Botany: field identification of plants: a fresh set of eyes identifies pepper-grass

Self-tutoring about plant identification: the tutor reveals a tough ID, made with a fresh set of eyes.

Possibly two years ago, I began noticing a tough plant with a thick stem and disc-like fruits that look like smooth, round leaves. The fruits got my attention, since they’re so well formed. They’re typically 3mm to 4mm across.

I looked through the guide and found pepper-grass, both tall and prairie, might resemble what I’d found. Yet, I wasn’t sure. Truly, I wasn’t observing carefully enough to make the positive ID.

Yesterday I browsed through the guide, wondering about returning to field plant identification (it’s been awhile). I noticed pepper-grass and, recalling my curiosity about it, read carefully its characteristics. Today, I saw some of the plant, and recalled my reading from yesterday: its flowers are at the end, but easy to miss, being around 1mm and white. Its leaves are alternate, and its disc-like fruits each has a distinct seam.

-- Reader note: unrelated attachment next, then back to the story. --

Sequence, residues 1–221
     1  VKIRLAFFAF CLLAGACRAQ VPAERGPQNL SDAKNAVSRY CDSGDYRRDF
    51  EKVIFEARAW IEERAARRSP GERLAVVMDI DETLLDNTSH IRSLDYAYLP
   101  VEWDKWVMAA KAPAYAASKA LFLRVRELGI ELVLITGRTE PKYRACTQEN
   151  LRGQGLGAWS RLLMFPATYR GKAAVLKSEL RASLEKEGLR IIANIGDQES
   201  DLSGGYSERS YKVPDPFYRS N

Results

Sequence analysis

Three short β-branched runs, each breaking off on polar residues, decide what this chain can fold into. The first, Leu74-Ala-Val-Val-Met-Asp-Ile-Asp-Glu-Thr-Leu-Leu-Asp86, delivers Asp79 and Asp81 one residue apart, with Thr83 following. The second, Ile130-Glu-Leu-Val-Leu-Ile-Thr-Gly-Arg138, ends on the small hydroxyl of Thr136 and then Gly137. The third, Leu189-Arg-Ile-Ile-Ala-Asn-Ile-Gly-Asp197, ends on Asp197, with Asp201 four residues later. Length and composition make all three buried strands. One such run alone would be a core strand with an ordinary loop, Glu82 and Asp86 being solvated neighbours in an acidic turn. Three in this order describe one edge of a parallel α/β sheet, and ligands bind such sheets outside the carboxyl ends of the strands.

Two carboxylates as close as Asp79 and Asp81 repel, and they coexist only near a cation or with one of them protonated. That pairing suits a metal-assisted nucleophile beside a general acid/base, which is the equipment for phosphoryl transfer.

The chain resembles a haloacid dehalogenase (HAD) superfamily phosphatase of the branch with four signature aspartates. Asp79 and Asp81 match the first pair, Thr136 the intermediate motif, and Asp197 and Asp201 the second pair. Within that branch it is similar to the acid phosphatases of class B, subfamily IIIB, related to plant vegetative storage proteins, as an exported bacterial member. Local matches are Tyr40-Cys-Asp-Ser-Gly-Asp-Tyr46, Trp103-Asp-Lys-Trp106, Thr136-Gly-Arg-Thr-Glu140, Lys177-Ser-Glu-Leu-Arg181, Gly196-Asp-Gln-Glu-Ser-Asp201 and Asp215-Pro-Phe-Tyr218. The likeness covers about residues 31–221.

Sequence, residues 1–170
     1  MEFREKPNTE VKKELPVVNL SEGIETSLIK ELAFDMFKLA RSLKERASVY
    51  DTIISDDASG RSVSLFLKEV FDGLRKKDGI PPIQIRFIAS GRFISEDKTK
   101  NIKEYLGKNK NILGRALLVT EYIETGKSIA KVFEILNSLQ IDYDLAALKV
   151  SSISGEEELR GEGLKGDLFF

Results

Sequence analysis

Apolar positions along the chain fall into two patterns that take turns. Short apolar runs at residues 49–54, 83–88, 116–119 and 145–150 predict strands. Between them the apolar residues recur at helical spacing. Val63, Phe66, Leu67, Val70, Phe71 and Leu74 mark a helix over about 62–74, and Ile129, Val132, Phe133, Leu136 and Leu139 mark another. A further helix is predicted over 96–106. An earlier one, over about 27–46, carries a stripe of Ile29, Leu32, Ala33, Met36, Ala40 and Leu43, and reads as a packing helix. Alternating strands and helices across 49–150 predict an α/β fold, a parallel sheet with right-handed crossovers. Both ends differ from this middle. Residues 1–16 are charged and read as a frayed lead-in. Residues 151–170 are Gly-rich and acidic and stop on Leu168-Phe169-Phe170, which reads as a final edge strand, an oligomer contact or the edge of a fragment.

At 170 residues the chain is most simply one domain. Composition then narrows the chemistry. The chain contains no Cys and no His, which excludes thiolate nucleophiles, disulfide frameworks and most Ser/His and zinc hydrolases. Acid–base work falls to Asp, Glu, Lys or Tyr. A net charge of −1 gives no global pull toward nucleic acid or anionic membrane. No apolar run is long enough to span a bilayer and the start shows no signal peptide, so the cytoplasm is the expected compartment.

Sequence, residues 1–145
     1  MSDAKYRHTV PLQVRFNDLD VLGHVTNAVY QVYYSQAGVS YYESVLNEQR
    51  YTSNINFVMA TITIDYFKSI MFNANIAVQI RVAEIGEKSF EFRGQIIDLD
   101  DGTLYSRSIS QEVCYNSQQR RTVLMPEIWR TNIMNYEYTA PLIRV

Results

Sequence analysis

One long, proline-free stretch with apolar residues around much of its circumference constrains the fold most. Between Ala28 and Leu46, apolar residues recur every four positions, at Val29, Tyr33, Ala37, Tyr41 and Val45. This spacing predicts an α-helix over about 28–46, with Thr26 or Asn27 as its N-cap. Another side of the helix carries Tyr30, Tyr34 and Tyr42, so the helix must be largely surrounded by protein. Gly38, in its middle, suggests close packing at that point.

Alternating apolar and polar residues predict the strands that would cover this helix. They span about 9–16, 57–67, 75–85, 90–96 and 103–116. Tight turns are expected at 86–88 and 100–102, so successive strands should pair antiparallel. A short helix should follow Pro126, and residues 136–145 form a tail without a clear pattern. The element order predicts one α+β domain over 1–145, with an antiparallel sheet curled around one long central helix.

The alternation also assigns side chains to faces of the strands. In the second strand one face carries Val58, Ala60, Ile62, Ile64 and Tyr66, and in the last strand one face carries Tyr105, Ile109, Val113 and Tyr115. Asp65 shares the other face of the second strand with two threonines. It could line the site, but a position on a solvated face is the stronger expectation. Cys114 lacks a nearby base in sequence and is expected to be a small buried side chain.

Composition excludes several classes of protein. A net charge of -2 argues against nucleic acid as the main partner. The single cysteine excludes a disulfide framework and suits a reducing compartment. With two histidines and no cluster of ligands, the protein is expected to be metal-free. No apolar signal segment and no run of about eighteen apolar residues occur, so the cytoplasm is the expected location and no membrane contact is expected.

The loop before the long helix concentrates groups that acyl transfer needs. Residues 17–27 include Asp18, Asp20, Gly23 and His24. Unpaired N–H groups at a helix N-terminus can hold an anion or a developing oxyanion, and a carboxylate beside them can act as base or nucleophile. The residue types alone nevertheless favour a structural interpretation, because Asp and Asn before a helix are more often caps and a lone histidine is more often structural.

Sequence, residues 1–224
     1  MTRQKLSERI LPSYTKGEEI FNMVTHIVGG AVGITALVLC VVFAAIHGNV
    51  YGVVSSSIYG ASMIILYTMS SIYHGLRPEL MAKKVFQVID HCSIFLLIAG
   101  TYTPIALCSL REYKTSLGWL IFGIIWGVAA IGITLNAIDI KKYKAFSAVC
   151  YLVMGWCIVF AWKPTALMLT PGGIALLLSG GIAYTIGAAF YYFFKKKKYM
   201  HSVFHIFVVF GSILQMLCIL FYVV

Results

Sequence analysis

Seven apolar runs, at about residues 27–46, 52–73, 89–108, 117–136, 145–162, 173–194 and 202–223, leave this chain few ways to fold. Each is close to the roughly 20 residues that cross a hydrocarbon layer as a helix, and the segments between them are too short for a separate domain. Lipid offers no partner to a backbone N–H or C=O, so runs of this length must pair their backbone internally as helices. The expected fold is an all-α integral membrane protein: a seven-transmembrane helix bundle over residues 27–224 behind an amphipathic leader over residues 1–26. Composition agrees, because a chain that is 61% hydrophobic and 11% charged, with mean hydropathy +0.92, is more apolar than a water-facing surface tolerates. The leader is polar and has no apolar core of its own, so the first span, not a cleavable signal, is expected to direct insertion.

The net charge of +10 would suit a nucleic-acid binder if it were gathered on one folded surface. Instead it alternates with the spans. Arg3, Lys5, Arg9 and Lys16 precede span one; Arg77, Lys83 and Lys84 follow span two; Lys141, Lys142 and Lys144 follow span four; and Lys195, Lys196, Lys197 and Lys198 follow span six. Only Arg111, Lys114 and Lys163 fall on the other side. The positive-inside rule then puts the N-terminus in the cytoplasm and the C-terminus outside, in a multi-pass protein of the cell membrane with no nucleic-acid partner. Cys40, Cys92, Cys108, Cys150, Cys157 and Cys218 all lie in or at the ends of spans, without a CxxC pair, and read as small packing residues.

The last few times I read the guide, I just didn’t read those details carefully enough, or even recall them.

I mention in my post from October 16, 2017 how informative a fresh set of eyes can be. Today reconfirms it.


Pojar, Jim and Andy MacKinnon: Plants of Coastal British Columbia. Vancouver: BC Ministry of Forests and Lone Pine Publishing, 1994.

Jack of Oracle Tutoring by Jack and Diane, Campbell River, BC.

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